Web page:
I just had a drink of kombucha and it tasted nothing like what I expected. It tasted wonderful, fizzy, pop like, full of flavour….it didn’t taste like the gross cloudy juice with what looks like mold growing in the bottom would taste like.
Kombucha is growing in popularity. It’s a huge trend. The idea of drinking tea that has been left to ferment for 30 days was very unappealing. I was wandering around the health food section and the pretty packaging caught my eye. *I like colourful shinny things! I picked up the bottle and examined it. I put it back. Walked away 5 feet. Walked back to pick up the bottle. I held it in my hands thinking this is crazy. It’s $4.99 CAD for one bottle. I read the packaging over again and thought maybe there is something to this drink so I bought it! Now I was the proud owner of 1 gingerade flavoured kombucha with living cultures!
The book of wisdom….Wikipedia says this scientific stuff about kombucha:
The bacterial component of a kombucha culture comprises several species, it almost always includes Gluconacetobacter xylinus (formerly Acetobacter xylinum), which ferments the alcohols produced by the yeast(s) into acetic acid. This increases the acidity while limiting the alcoholic content of kombucha. G. xylinum is responsible for most or all of the physical structure of a kombucha mother, and has been shown to produce microbial cellulose. This is likely due to artificial selection by brewers over time, selecting for firmer and more robust cultures.
The acidity and mild alcoholic element of kombucha resists contamination by most airborne molds or bacterial spores. As a result, kombucha is relatively easy to maintain as a culture outside of sterile conditions. The bacteria and yeasts in kombucha may also produce antimicrobial defense molecules.
The strands of culture didn’t bother me as much as I thought they would. I imagined swallowing gooey strings…but it didn’t happen.
CAUTION! This drink is effervescent! When I first opened the bottle the liquid spilled out like a bottle of champagne. Each time I reopened the drink it got fizzy but not did not spill out. I really loved my first experience with kombucha. I’m slowly getting into fermentated foods and the health benefits associated with them. My friend makes her own kombucha. I’m sooo excited to learn from her how to make this tasty drink.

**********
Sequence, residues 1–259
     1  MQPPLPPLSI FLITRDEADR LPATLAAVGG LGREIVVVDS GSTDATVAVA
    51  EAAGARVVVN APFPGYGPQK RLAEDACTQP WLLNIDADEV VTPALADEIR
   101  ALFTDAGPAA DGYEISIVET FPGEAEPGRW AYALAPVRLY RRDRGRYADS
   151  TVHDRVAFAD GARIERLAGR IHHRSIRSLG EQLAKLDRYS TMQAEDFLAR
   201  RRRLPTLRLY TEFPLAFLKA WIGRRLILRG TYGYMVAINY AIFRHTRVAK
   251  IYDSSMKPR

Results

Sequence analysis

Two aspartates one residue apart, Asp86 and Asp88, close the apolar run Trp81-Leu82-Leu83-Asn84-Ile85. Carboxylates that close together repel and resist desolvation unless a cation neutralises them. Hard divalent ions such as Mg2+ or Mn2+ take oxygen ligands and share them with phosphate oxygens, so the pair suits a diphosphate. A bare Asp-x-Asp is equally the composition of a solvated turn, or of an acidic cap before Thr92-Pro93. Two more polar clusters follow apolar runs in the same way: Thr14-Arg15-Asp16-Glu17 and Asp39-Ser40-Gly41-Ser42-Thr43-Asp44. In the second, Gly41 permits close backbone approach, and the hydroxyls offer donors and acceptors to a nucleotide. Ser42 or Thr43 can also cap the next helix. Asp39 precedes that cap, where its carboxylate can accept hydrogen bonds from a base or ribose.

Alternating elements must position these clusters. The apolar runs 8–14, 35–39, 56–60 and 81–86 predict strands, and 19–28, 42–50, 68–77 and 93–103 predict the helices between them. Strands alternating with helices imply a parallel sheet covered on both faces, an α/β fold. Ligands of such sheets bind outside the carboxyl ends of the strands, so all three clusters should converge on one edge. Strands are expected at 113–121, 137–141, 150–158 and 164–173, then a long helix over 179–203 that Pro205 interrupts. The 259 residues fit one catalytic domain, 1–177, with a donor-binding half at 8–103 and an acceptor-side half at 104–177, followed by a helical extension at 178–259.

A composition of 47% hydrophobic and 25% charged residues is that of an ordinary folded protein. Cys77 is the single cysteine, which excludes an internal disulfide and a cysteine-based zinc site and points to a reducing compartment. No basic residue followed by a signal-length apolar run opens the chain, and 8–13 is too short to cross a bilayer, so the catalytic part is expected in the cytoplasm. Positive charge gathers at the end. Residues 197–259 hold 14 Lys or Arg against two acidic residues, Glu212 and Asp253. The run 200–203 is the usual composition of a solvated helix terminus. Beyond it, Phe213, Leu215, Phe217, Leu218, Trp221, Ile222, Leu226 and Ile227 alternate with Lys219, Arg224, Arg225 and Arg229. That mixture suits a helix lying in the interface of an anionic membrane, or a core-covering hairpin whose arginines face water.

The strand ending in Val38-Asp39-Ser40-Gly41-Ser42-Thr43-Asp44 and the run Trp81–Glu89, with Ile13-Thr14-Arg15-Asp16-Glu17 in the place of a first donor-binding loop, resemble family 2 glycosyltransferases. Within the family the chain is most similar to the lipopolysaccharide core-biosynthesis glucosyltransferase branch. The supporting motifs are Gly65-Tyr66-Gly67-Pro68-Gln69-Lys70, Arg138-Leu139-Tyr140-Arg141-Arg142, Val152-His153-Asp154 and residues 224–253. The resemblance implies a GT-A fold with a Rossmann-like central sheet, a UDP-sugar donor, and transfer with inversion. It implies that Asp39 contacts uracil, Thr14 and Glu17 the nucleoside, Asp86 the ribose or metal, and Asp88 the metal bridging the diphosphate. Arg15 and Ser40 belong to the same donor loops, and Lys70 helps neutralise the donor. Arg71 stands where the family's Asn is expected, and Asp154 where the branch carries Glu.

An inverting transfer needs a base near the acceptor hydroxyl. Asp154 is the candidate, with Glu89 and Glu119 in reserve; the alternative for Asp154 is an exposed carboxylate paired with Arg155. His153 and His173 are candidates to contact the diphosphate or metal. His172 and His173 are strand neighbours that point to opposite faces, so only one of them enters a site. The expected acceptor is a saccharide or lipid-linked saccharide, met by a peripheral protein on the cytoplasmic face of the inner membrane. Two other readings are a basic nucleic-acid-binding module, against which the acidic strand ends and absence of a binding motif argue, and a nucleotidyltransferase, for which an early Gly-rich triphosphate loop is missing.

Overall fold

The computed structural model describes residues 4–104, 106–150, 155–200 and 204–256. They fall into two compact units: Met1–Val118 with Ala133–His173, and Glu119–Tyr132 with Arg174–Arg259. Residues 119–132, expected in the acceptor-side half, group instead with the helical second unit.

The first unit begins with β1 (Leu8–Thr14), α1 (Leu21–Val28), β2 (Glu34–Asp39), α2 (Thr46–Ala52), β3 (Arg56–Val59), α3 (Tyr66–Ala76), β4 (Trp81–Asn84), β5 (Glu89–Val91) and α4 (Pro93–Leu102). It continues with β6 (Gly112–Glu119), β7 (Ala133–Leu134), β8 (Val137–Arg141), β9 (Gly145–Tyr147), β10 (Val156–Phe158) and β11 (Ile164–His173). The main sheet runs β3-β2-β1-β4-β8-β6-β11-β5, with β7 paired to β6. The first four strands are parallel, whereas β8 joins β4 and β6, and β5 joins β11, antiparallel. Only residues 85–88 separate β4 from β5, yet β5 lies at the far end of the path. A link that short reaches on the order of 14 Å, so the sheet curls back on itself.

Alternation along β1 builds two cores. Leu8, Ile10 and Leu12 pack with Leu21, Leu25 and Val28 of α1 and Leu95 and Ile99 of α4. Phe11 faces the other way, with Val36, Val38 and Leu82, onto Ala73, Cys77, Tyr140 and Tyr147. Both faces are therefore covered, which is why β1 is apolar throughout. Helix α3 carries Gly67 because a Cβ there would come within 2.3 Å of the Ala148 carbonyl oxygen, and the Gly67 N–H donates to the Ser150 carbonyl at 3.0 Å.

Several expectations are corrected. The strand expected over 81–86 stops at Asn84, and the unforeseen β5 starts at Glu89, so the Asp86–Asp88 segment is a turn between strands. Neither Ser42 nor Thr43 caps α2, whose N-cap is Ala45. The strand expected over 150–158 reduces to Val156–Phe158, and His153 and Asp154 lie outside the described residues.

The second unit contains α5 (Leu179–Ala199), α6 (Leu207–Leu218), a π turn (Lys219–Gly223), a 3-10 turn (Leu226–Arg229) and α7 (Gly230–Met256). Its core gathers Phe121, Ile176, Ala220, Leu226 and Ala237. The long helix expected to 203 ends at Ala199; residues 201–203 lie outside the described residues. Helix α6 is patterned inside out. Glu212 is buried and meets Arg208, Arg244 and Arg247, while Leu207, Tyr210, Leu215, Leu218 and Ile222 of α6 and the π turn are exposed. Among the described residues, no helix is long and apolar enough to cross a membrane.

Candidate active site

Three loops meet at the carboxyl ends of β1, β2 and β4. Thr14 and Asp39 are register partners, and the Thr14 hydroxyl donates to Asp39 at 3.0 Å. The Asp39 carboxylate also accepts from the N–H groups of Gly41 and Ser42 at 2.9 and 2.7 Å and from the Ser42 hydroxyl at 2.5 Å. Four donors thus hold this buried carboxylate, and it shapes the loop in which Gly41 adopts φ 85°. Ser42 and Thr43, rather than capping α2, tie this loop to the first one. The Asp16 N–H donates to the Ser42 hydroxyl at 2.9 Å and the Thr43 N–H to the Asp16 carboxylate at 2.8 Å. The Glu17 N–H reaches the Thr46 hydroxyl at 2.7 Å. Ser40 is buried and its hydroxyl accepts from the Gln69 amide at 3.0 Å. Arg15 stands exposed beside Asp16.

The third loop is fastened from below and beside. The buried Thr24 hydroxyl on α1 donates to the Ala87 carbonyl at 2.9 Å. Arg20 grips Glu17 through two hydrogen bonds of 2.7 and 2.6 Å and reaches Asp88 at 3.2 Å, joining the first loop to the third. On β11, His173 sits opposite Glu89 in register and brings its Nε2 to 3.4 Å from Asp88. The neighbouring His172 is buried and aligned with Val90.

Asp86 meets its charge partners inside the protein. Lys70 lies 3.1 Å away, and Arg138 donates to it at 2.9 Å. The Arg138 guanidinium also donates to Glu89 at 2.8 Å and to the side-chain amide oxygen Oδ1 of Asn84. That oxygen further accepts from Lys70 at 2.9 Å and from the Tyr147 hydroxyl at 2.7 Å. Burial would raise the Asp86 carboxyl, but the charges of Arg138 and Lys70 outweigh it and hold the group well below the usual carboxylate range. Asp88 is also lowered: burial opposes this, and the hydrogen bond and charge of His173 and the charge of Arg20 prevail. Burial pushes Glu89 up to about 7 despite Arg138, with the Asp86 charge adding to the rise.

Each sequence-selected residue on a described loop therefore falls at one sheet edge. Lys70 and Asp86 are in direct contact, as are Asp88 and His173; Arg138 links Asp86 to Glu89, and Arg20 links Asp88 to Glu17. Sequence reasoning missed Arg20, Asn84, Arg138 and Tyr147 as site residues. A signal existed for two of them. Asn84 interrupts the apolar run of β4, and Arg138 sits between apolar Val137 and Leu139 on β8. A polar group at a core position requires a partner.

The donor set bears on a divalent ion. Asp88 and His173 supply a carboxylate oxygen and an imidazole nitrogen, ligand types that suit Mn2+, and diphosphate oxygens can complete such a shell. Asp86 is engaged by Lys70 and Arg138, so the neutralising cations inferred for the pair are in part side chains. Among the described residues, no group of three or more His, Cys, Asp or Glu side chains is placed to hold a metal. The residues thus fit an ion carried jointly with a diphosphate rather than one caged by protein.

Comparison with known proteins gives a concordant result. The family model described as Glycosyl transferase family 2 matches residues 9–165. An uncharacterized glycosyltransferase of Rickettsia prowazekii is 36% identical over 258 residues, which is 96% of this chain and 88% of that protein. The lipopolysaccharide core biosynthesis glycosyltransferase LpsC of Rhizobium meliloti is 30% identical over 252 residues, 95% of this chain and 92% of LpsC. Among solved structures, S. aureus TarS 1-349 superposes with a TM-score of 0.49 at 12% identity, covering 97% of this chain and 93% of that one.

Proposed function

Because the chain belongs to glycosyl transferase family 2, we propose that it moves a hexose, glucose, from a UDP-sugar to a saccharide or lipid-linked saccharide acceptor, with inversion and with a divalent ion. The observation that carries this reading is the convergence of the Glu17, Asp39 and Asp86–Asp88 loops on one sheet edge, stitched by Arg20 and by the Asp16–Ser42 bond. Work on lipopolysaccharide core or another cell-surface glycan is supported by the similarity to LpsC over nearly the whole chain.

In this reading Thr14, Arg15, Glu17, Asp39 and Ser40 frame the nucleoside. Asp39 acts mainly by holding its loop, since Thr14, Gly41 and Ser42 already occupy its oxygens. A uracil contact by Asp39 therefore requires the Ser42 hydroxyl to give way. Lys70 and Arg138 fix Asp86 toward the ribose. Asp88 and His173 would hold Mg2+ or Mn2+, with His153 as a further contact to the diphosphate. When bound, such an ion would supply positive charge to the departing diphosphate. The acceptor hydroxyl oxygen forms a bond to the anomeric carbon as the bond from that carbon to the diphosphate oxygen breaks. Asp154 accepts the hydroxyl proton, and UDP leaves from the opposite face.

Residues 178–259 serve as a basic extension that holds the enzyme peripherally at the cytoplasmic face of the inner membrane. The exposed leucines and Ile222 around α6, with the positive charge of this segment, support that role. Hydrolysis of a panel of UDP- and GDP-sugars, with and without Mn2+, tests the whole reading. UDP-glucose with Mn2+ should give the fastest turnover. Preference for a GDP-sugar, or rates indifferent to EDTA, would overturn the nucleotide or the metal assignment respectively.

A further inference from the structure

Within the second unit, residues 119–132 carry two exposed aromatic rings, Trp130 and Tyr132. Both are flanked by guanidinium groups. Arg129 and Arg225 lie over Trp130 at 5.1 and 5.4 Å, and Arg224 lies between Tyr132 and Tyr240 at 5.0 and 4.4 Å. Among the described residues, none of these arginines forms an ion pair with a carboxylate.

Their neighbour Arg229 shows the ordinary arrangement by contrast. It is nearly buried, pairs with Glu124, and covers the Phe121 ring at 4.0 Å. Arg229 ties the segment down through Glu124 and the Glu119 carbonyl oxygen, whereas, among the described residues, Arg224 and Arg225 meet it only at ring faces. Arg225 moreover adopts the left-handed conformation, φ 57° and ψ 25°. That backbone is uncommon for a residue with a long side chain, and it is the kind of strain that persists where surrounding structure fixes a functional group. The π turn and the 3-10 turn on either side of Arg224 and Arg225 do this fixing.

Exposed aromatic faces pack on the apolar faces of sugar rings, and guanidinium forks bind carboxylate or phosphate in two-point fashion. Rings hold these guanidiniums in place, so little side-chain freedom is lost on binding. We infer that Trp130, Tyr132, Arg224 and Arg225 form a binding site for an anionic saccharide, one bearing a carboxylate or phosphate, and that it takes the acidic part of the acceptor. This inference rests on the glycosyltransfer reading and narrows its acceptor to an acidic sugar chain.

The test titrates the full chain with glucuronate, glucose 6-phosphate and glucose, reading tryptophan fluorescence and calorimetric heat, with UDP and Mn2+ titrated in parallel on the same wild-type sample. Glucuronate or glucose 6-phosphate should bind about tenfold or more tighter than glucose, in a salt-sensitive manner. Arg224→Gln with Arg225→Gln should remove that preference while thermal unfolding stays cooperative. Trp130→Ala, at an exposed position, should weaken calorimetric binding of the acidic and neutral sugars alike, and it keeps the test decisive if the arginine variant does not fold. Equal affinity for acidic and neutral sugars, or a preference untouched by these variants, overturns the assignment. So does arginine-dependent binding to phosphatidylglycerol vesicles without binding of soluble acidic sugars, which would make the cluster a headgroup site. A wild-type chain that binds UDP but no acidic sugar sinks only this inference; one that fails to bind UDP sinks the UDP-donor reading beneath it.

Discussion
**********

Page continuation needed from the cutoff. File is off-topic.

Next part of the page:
If you have never had kombucha give it a try. It tasted like pop, and in my case ginger ale pop. I added the link on amazon where you can purchase some and share your experience with me. Let me know what flavour(s) you get!
I learned how to make kombucha here. I found this book very helpful for learning how to ferment various foods + a tutorial on kombucha. Real Food Fermentation (found here on Amazon) focuses on a beginners guide to fermenting vegetables, fruits, drinks and meat. If you want to learn more about how to ferment foods you should look into Nourished Kitchen’s course, Get Cultured. Click here for more information. Also you can purchase kombucha making supplies here. Enjoy,DISCLOSURE: Not intended for the treatment or prevention of disease, nor as a substitute for medical treatment, nor as an alternative to medical advice. Use of recommendations is at the choice and risk of the reader. Ditch the Wheat is a participant in the Amazon Services LLC Associates Program. As an Amazon Associate I earn from qualifying purchases. I may receive monetary compensation or other types of remuneration for my endorsement, recommendation, testimonial and/or link to any products or services from this blog. I only endorse products that I believe in.
Carol Lovett is the founder of Ditch the Wheat and a Globe and Mail bestselling author of the cookbook, Ditch the Wheat. She has been eating gluten free since 2010. She loves all things food, natural living, and spiritual. She’s also a reiki master and crystal healer.